How can I intensify phentermine?

Here’s how to make phentermine more effective:
Drink enough water.
Have proper nutrition.
Combine weight-bearing exercises with cardio.
Establish a long-term healthy lifestyle.

Can you abuse phentermine?

Phentermine abuse or psychological dependence (addiction) does not occur in patients treated with phentermine for obesity. Phentermine treatment does not induce phentermine drug craving, a hallmark sign of addiction.

Can phentermine cause death?

“When someone dies acutely from phentermine overdose, the death is a result of the overstimulation of the central nervous system,” said Goldberger. Too much phentermine can cause the heart to beat irregularly and the body to overheat until the person collapses.

What will phentermine test positive for?

Phentermine (Adipex-P) is the most prescribed medication for weight loss in the United States. It increases the release of neurotransmitters that stimulate metabolism and suppress appetite. Taking phentermine can result in a false positive urine test for amphetamines.

What is the strongest weight loss prescription pill?

Phentermine-Topiramate extended release (Qsymia) is the most effective weight loss drug available to date. It combines an adrenergic agonist with a neurostabilizer. Daily doses with four strengths start at 3.75/23mg to 15mg/92mg.

Can you take Adderall with phentermine?

No interactions were found between Adderall and phentermine.

Is phentermine a stimulant?

Phentermine is a central nervous stimulant that may be used to treat obesity. Experts aren’t exactly sure how phentermine works but it appears to have multiple actions including stimulating neurons to release the neurotransmitters dopamine and norepinephrine, which may account for its appetite-suppressing effects.

Does phentermine make you feel weird?

This medicine may cause some people to be agitated, irritable, or display other abnormal behaviors. It may also cause some people to have suicidal thoughts and tendencies or to become more depressed. If you or your caregiver notice any of these side effects, tell your doctor right away.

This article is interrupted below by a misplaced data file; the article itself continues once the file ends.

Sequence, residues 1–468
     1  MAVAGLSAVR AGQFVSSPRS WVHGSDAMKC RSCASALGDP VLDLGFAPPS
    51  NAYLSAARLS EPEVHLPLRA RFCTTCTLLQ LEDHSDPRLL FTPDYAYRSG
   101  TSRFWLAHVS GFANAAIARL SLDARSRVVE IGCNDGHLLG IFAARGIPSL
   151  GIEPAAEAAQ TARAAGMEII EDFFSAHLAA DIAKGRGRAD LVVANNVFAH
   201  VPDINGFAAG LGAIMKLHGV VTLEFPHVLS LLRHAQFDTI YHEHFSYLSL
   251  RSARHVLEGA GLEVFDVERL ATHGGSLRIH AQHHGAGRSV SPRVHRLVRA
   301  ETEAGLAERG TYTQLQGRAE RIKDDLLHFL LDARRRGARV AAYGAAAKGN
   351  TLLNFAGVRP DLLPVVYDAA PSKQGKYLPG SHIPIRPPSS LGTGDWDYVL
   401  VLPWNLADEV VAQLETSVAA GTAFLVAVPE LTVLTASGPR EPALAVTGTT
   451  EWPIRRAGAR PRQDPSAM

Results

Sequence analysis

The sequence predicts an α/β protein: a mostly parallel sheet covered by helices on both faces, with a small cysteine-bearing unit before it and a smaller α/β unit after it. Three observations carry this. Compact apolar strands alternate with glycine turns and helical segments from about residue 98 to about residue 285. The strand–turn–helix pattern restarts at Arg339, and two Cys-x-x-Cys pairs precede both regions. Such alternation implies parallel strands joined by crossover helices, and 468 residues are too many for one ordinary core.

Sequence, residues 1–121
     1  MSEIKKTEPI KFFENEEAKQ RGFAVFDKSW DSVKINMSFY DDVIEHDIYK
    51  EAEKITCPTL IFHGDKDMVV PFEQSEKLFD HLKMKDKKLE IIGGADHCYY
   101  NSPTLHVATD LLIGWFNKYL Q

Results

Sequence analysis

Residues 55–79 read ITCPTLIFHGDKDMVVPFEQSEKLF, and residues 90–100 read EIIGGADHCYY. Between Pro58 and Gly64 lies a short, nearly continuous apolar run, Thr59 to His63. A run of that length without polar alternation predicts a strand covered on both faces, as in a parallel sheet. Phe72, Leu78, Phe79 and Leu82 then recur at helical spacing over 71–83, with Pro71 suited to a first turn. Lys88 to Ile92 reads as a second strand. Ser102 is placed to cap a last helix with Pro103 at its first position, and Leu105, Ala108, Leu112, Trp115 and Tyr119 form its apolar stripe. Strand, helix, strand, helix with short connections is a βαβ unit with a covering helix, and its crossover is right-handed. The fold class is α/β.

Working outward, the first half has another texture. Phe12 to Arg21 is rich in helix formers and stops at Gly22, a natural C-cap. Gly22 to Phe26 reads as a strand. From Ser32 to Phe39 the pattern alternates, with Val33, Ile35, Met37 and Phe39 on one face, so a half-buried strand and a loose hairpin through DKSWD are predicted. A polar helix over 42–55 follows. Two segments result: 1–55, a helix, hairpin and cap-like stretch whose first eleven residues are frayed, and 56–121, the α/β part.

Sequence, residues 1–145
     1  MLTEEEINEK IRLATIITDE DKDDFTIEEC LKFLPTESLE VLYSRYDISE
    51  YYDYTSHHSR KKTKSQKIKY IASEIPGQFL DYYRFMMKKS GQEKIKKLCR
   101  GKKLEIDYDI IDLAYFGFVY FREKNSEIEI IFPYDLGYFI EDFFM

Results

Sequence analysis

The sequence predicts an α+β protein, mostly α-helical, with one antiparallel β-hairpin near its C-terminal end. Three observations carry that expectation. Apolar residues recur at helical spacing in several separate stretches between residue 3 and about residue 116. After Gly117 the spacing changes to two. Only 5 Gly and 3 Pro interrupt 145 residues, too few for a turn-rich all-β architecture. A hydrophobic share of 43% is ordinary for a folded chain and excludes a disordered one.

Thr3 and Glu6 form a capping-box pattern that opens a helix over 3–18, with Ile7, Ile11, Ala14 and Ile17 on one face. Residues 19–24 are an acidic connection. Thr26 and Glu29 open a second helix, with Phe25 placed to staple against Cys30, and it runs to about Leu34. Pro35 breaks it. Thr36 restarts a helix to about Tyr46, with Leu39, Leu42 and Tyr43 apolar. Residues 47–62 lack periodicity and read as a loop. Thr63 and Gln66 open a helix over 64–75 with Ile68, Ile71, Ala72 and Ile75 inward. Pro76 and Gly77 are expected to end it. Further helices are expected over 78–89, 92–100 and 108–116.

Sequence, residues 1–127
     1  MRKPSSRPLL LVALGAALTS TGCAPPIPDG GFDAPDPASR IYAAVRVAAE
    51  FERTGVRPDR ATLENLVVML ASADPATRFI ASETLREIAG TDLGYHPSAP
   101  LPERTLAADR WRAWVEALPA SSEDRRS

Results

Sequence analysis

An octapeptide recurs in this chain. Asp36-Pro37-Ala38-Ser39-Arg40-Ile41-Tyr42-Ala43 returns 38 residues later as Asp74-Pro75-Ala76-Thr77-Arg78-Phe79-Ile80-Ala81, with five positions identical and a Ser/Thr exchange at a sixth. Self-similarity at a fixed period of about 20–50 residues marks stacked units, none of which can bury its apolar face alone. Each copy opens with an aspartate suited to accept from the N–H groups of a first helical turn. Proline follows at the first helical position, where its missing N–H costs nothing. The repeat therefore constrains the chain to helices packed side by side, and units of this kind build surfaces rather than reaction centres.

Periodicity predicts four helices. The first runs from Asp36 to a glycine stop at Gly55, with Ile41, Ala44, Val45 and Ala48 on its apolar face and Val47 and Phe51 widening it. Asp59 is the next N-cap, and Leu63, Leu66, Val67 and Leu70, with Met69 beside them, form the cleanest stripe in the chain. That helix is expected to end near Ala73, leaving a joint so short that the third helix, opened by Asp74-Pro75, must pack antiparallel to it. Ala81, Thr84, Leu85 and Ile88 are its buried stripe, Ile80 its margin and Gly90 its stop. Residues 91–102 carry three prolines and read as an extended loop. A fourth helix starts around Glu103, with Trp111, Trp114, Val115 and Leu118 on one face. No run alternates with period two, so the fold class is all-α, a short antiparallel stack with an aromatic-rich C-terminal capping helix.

Is phentermine a narcotic?

Phentermine is not a narcotic. Narcotics act on opioid receptors and are used to treat moderate to severe pain. Phentermine is a stimulant. It stimulates norepinephrine and epinephrine release and suppresses appetite.

What happens if you take 2 phentermine?

An overdose of phentermine can be fatal.

Overdose symptoms may include confusion, panic, hallucinations, extreme restlessness, nausea, vomiting, diarrhea, stomach cramps, feeling tired or depressed, irregular heartbeats, weak pulse, seizure, or slow breathing (breathing may stop).

Does phentermine change your taste buds?

The more common side effects of phentermine can include: bad taste in your mouth.

What should you not take with phentermine?

Avoid taking MAO inhibitors (isocarboxazid, linezolid, metaxalone, methylene blue, moclobemide, phenelzine, procarbazine, rasagiline, safinamide, selegiline, tranylcypromine) during treatment with this medication. Most MAO inhibitors should also not be taken for two weeks before treatment with this medication.

Why is phentermine not working?

However, if phentermine doesn’t work, stops working, or has an intolerable side-effect, you should ask your physician to switch to a different weight loss medicine. There are lots of options. Some people have to take other medications which cause weight-gain; other patients have genetic obesity.

Does the military test for phentermine?

Because of this, it might register on an initial urine screening test for amphetamines. If this happens, then the specimen goes through another analysis for confirmation. Phentermine will not cause a positive result on the confirmation drug test or be reported as positive through the military drug-testing program.

About The Author

Pat Rowse is a thinker. He loves delving into Twitter to find the latest scholarly debates and then analyzing them from every possible perspective. He's an introvert who really enjoys spending time alone reading about history and influential people. Pat also has a deep love of the internet and all things digital; she considers himself an amateur internet maven. When he's not buried in a book or online, he can be found hardcore analyzing anything and everything that comes his way.